The evolution of current practices
This is an interesting exercise in conducting large scale change. It was a slow, incremental multi-channel process that took many years and many stages. CME/CPD requirements were defined by the Royal Colleges in the early 1990s. Clinical audits were introduced in a big way in the early 1990s, 360 degree appraisals were introduced as a part of progression for trainees in the early 2000s; reflective practice was introduced in medical schools in the early 2000s. Cross pollination of these practices between specialties and grades were encouraged. Formal annual appraisals were introduced with it being mandatory for trainees. Soon annual appraisals became an essential part of senior doctors’ career job planning and career progress with many elements already having been brought together. Now all these have been pulled together into a comprehensive appraisal-revalidation system which is mandatory.
In the late 1990s, the Bristol enquiry into paediatric cardiac surgery deaths on how a department’s poor performance went unrecognised over a period of time; in the early 2000s, the Shipman enquiry on how a doctor could escape any official scrutiny over many years of criminality; and currently the Francis report on how a whole local system focused on the wrong things causing patient harm without being challenged by clinicians were major national external stressors that have pushed the medical profession to re-focus on the patient and start taking responsibility.
Some counter points
Is the NHS system perfect? Certainly not. Will it catch the bad doctors? Probably not. The scientific evidence for many of these methods is arguable. Many doctors opposed it actively all along and resist it passively even now. Some use it as a purely tick box exercise so that they will have a licence to practise their jobs. No one can be sure if these improve clinical quality for the patient.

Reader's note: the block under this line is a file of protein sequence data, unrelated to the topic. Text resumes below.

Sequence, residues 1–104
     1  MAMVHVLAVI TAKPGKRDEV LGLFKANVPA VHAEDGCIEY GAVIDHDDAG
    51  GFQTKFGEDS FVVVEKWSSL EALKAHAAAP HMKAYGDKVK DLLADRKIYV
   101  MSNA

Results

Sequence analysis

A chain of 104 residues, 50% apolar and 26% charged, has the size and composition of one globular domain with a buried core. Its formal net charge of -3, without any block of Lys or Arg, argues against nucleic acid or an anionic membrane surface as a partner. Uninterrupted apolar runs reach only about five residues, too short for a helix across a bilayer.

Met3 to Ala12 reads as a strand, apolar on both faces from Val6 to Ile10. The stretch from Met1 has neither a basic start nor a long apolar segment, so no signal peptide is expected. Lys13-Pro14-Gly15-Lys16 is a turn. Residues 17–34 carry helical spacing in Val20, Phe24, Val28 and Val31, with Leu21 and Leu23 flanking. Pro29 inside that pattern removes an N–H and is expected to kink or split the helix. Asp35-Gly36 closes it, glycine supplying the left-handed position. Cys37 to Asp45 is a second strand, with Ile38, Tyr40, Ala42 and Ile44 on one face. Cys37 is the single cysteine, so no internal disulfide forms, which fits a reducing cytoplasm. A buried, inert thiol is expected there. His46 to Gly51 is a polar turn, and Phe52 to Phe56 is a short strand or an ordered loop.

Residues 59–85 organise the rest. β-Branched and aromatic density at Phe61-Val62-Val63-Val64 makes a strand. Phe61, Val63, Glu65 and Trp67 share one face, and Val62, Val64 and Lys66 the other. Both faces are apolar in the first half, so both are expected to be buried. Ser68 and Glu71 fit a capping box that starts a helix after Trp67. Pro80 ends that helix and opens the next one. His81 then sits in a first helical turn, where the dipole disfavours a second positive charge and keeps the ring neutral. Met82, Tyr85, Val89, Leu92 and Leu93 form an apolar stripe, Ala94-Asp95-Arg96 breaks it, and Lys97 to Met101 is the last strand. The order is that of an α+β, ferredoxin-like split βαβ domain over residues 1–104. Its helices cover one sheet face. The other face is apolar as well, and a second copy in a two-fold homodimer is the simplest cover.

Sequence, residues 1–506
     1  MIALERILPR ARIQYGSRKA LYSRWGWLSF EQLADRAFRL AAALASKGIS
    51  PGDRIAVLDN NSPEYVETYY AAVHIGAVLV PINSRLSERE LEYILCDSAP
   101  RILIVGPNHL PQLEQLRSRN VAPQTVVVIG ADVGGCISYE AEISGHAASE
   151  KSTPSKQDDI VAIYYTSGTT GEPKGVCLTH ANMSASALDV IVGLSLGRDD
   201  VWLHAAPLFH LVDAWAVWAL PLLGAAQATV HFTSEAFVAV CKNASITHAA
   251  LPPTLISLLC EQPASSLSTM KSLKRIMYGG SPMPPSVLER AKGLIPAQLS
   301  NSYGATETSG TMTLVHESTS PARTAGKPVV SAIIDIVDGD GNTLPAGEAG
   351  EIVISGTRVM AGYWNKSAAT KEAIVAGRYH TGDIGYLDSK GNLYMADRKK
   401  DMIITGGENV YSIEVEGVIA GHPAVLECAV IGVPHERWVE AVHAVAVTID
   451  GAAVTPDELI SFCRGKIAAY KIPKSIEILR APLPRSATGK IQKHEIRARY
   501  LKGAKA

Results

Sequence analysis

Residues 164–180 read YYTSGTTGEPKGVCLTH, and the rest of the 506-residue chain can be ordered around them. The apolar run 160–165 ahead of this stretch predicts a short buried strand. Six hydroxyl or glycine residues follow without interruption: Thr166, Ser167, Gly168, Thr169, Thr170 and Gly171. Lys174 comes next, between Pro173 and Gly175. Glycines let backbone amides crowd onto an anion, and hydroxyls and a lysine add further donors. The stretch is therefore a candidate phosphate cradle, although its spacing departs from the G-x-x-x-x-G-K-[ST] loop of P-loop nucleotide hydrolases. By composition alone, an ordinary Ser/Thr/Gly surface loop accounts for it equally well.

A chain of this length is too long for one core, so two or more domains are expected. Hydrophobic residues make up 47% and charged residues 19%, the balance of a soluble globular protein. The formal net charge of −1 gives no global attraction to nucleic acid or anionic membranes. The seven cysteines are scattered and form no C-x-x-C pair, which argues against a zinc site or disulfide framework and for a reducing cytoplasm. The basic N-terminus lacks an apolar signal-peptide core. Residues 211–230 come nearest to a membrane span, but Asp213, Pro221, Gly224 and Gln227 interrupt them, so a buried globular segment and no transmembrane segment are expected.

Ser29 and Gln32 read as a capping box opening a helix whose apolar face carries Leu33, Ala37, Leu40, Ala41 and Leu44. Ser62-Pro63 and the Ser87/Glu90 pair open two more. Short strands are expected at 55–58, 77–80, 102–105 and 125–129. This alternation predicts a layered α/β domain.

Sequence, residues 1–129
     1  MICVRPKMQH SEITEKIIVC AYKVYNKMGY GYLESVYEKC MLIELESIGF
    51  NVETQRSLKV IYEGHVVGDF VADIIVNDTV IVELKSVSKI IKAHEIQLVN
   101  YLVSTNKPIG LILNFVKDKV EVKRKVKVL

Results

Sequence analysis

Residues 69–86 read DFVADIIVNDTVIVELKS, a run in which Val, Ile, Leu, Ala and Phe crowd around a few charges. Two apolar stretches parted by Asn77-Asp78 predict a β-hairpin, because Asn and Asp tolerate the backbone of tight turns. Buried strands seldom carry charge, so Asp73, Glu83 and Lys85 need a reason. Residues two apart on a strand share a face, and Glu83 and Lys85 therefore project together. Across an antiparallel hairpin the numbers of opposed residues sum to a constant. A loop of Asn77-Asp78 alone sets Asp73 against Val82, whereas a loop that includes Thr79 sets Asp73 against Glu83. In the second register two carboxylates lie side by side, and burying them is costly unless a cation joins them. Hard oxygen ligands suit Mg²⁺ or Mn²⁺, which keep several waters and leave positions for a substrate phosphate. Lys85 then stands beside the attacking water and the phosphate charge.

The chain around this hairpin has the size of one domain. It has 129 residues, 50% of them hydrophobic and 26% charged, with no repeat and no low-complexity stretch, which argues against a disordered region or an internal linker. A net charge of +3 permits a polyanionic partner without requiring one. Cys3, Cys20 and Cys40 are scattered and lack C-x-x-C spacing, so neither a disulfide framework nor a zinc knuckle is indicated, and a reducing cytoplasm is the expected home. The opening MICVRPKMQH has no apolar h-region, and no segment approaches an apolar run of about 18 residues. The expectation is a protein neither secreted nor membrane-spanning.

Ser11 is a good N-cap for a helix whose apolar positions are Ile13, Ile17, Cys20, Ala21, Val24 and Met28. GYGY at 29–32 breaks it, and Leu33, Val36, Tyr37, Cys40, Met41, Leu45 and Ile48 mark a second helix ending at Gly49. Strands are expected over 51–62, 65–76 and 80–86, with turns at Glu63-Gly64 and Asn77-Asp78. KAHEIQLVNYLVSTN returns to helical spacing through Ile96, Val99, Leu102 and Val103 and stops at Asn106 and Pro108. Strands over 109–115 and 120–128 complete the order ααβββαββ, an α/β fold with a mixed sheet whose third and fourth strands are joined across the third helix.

What it does seem to have done is to increase the professionalism and ethicality of doctors. When anyone suspects a breach of professionalism and ethicality by doctors anyone is entitled to report the doctor to the GMC. The GMC does a full investigation only for a small number of the cases reported to them. During the investigations the GMC looks for reflection, maintenance of clinical skills, and development of insight. If the GMC is satisfied with these then it decides on minimum sanctions or on no sanctions at all. If it is not satisfied, the sanctions can be very severe, including erasure. The GMC, backed by the law, is a powerful force for doctors to seek a higher degree of professionalism and ethicality.
In practice, a large number of doctors who are international medical graduates (IMG) and who are from black and minority ethnic (BME) origins believe the system may be broadly very fair for the UK local graduates, but for IMGs and BME doctors there is evidence of a higher rate of reporting to the GMC and a perception of a higher chance of sanctions and a higher severity of sanctions. This is seen by many IMG and BME doctors as somewhat defeating the otherwise worthy ideals that in general work well. It is not as though there are no other sub-radar ethical problems: defensive practice, higher levels of service utilisation with its implications of unnecessary interventions, racial divisions (in jobs, exams, pay grades, bonuses) and others.
The principles underpinning UK medical practice are universal and hence transferable. The core principles are:
a) expecting a higher standard of behaviour from doctors in the practice of their profession and in their personal lives;